Lane splitting will more likely be tolerated if it is done with respect.
Lane splitting will more likely be tolerated if it is done with respect.

The Good

Filtering through traffic, whether on a multi-lane highway or local arterial means there are fewer vehicles clogging up the works and if done at low speed, is relatively safe for the motorcycle rider if done correctly.

The primary reason for motorcyclists to consider lane splitting is that it puts the rider in a less vulnerable position. Being rear-ended by a four-wheeler is a sure-fire way to end up in a hospital bed and that’s not even talking about the possibility of being sandwiched between two cars!

The Bad

However, lane splitting has a totally bad rap because some riders do it wrong. Proper lane splitting is done at a speed no faster than 10mph beyond the travel speed of surrounding traffic. Unfortunately, some riders zip between cars in a way that is dangerous and scares the hell of those they pass.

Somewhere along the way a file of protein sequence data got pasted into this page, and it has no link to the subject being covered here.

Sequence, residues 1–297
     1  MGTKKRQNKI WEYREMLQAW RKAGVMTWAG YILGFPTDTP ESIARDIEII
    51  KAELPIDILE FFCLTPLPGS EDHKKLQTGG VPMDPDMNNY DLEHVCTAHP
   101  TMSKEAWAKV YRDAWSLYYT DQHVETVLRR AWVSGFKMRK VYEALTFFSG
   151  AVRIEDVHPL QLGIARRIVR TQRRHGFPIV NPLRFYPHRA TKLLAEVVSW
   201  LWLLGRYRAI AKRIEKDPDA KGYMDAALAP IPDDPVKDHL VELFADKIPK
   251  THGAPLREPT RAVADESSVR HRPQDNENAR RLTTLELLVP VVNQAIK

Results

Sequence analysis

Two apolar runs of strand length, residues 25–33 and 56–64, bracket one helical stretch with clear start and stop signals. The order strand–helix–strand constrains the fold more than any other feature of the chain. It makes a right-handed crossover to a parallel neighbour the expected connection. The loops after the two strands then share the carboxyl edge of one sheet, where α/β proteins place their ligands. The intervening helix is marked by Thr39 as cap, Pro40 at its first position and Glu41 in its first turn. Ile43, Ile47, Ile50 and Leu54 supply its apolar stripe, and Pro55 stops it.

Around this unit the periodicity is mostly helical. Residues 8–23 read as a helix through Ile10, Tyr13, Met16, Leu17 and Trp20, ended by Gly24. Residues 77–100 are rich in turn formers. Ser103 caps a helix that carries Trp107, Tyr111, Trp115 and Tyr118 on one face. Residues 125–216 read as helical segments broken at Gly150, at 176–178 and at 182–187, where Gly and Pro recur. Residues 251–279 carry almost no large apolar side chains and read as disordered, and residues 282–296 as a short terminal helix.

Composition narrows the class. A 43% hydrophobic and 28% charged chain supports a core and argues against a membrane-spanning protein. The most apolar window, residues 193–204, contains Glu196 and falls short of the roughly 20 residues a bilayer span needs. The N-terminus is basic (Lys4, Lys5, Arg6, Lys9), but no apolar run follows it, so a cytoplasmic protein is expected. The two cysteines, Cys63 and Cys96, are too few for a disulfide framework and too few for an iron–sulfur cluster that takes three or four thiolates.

This unwelcome behavior can incite resentment from drivers and further reflect badly on all motorcycle riders, even those who split lanes safely. Some irate drivers have been known to close the gap as the rider attempts to squeeze past.

Exercise patience.

Safe? Really?

Here is the rub. Even though the study confirms (through statistics) that lane splitting reduces instances of cars colliding with a motorcycle, it also says that there is an increase of motorcycle riders rear-ending other vehicles.

This is where the speed factor comes in. It doesn’t take a government study to know that ripping between slow moving cars is a bad idea.  The study clearly states that the safety benefit applies only to riders who lane split at 10mph or lower.

The study confirms another seemingly obvious assumption; that it’s not safe to split lanes when traffic is traveling above 30mph, so ride slowly as you filter, please!

Even with the study, a lot of riders I know still do not think it is a good idea. I suspect it’s because they have never done it and they can’t imagine drivers in their state tolerating a maneuver that has always been considered illegal and irresponsible. Just for reference, lane splitting in other parts of the world is not only tolerated, but expected.

Check out this PSA from Australia in favor of lane splitting.


Check out a video from Ride Apart about Lane Splitting:

Lane Splitting Tips

Make sure your luggage can fit between vehicles.